Trench life in France was appalling for everybody, but at least a good proportion of the men at Vimy had known what it was like to sleep out in the mud and rain, to eat a cold meal in the wilderness, and, in many cases, to knock over a deer with a rifle … They had guts and stamina and, perhaps more important, a habit of self-reliance that would help to carry them through those weary months when the mud and the vermin were almost unbearable, and those tense few hours when the guns roared and the trenches ran with blood.5
But if Vimy was an achievement, it was a limited one. It was part of a British operation, the battle of Arras, itself part of a larger Franco-British offensive intended to break through the German defences and end the stalemate on the Western Front. Despite tactical successes such as Vimy, the offensive failed in its objective and the war went on for another year and a half. Casualties in the offensive numbered in the hundreds of thousands, including the more than 10,000 Canadians killed and wounded at Vimy.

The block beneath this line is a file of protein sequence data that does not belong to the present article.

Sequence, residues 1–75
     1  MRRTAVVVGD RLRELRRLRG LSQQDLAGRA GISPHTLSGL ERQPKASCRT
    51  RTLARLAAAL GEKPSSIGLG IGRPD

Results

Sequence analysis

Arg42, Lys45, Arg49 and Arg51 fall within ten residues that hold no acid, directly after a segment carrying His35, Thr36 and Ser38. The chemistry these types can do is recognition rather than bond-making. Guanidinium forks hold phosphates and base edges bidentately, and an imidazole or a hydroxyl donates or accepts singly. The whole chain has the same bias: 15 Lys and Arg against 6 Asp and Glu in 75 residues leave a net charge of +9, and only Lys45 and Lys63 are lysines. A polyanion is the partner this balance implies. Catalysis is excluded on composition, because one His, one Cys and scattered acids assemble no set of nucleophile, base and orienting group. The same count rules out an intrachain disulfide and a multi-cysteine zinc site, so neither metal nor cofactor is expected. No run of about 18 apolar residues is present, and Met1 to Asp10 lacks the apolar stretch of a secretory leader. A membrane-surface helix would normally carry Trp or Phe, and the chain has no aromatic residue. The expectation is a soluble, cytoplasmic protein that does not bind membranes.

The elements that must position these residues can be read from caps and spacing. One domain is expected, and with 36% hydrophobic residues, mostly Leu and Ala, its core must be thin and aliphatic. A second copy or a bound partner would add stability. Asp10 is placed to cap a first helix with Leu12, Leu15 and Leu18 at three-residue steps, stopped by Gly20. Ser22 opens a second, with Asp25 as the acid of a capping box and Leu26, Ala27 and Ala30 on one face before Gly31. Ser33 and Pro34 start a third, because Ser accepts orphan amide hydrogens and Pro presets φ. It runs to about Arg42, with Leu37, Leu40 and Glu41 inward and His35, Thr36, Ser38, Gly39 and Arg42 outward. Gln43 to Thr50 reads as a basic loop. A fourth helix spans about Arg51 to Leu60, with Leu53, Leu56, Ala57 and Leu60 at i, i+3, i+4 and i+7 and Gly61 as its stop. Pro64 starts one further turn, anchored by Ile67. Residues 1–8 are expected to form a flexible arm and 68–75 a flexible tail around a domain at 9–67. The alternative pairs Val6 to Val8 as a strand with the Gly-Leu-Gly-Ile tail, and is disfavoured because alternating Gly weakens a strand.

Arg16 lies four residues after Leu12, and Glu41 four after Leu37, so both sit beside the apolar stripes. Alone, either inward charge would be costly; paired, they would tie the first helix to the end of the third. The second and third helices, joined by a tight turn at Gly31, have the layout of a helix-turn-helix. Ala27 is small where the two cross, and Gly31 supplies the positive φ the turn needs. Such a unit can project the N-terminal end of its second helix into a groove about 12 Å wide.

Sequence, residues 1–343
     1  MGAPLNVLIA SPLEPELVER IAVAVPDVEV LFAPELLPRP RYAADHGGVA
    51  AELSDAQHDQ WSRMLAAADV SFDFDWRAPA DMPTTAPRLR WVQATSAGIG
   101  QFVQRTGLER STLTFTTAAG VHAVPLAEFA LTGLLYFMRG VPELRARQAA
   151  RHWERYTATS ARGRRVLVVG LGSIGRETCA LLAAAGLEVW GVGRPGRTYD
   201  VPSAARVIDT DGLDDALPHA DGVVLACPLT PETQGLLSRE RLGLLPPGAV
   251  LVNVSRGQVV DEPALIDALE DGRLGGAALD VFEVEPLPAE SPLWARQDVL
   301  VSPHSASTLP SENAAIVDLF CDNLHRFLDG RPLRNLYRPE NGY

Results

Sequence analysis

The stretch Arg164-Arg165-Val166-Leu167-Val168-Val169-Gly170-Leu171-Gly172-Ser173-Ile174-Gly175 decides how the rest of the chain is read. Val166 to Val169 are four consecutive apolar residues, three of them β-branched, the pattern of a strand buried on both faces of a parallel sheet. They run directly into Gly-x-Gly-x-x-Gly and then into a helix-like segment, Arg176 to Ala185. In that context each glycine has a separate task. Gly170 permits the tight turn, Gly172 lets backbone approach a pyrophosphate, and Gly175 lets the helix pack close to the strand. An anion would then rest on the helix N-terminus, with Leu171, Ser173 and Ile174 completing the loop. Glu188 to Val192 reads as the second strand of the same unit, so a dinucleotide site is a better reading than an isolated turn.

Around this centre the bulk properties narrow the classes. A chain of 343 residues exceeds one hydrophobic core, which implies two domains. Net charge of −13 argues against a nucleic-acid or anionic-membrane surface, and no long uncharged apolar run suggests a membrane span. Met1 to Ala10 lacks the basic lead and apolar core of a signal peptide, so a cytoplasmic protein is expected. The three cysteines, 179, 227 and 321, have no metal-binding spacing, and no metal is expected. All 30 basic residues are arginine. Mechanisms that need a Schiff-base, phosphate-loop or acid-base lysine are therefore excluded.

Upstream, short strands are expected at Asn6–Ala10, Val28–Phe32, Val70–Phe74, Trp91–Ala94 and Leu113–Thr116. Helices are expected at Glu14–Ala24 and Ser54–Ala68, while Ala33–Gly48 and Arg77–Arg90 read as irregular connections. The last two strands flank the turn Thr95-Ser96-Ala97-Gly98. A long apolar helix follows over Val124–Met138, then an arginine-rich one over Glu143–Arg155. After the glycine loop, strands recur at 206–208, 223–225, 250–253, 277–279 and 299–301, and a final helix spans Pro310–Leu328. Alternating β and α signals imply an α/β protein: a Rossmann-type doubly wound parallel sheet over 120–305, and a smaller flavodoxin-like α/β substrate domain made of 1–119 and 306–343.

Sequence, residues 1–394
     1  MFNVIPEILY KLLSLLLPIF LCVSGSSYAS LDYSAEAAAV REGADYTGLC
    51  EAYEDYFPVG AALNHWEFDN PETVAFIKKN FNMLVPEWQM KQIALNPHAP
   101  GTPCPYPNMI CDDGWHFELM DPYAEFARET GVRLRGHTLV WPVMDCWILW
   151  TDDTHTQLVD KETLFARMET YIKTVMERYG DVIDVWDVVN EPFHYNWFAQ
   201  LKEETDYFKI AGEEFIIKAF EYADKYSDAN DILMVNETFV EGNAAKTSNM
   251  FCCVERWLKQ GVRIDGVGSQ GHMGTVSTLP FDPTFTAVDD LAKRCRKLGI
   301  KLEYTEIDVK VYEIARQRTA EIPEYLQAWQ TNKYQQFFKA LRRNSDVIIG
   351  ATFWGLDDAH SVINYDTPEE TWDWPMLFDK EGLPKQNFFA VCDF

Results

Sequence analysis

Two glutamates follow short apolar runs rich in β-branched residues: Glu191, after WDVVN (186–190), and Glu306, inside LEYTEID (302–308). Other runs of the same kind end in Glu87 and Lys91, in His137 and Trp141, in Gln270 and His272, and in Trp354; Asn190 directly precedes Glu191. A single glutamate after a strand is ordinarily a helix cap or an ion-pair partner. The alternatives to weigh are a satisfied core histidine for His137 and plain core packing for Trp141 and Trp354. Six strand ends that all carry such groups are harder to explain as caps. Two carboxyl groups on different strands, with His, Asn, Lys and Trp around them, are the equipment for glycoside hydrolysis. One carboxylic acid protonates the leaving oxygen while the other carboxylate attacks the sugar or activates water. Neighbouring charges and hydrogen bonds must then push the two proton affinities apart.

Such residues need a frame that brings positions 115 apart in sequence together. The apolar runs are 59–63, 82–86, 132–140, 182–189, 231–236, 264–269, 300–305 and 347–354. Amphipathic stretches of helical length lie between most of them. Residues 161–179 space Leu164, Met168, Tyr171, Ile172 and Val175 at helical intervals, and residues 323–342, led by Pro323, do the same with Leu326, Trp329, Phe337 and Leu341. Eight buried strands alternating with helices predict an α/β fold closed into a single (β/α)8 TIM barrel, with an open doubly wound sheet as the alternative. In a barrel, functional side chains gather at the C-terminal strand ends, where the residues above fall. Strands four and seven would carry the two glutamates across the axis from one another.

As for the statement that Canada became a nation at Vimy, what it turns out to mean, in Berton’s account, is that Canadians of British stock – who made up the vast majority of the Canadian troops at Vimy – henceforth tended to think of themselves less as British and more as Canadian. Vimy certainly did not unite French and English Canadians. Indeed, heavy losses at Vimy and elsewhere on the Western Front increased pressure on the government of Robert Borden to conscript Canadians for overseas service, to which it responded by introducing its conscription bill in Parliament just two months after Vimy. Conscription during the First World War turned out to be one of the most divisive episodes in Canadian history, culminating in riots in Quebec City in which five people were killed in April 1918.
Even in the hands of Berton, Canada’s great mythmaker, the story of Vimy is dominated by the mud, the rats, the constant presence of death. “Was it worth it?” he concludes. “The answer, of course, is no.”6
Currently in Canada, many people wear poppies in November, and many others don’t. People no doubt have thousands of individual reasons for deciding which way to go. I don’t wear a poppy, but part of me is concerned that this could be seen as a sign of indifference. How to say that remembering the war and the dead means something, but doesn’t mean that?